An analysis of the symbolism in the novel to kill a mockingbird by harper lee

They each have their own separate neighborhoods and churches. Pssst… we can write an original essay just for you. The hunters shooting the bird would in this case be the Maycomb County folk. Boo Radley Aside from being a mockingbird character, Boo Radley also shows the reader how Scout grows up throughout the novel and, by some extension, Jem as well.

Boo Radley is a character who throughout the book, helps the children in many ways and he develops the theme of good and evil. This quote shows how Tom was afraid of the people that had come to silence him, like a hunter trying to silence a mockingbird because it was singing its song.

As they progress throughout the novel, they begin to discover that he might not be the town spook they fear he is.

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When Tom helped Mayella, they could not tolerate that a black person would help a white woman without doing something terrible to her. Lee sets the time in the story in the early s, when the Great Depression was going on and there was poverty everywhere. That puts in question the reason why Boo continues to amble down the same road of apathy while Scout is being led down the path to unbiased maturity.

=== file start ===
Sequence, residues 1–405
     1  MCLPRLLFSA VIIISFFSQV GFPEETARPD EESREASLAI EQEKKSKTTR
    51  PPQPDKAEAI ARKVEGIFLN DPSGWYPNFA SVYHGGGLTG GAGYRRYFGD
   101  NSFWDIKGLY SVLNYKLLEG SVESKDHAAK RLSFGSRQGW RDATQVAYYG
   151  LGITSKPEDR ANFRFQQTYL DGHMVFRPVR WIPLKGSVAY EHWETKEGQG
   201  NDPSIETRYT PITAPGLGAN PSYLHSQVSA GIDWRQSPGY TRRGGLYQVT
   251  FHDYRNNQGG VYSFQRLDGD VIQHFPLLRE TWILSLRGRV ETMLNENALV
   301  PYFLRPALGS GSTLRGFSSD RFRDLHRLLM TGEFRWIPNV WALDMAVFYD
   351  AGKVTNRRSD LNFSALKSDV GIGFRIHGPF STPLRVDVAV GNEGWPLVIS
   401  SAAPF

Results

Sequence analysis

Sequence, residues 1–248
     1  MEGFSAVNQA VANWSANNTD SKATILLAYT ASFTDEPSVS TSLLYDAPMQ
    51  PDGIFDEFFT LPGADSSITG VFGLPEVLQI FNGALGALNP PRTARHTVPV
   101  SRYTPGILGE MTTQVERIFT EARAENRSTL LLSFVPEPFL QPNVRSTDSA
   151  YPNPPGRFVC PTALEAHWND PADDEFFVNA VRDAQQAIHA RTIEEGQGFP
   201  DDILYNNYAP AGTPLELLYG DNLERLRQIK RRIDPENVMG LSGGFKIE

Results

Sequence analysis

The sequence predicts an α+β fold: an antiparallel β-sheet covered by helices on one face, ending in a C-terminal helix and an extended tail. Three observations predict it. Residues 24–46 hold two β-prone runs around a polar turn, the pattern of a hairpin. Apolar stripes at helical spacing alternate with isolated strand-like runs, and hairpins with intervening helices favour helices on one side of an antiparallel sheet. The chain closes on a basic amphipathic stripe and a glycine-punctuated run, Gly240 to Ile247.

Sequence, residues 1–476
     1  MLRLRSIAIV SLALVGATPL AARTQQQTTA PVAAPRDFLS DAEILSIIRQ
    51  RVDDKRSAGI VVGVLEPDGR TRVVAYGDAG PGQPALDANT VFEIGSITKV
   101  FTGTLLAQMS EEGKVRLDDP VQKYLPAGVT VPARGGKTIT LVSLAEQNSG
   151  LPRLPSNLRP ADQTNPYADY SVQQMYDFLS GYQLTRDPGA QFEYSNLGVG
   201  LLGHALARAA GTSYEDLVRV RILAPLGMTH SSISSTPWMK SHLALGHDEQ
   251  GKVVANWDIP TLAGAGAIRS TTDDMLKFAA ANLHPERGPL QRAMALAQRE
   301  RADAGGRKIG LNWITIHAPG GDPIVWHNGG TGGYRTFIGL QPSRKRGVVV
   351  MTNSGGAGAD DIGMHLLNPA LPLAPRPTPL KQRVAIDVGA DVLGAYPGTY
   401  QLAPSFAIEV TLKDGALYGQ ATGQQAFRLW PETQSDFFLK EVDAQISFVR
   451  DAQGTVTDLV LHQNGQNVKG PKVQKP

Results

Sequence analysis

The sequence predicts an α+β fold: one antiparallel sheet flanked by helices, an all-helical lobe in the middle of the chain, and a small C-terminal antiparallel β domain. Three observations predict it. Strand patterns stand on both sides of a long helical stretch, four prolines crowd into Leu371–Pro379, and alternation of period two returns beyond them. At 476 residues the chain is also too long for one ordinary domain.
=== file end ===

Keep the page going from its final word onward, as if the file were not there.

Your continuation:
The children go from seeing him as an evil person to seeing him as a good person. The counsel has been assigned the case of an African-American who has been accused for raping a white woman.

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Symbols in "To Kill a Mockingbird"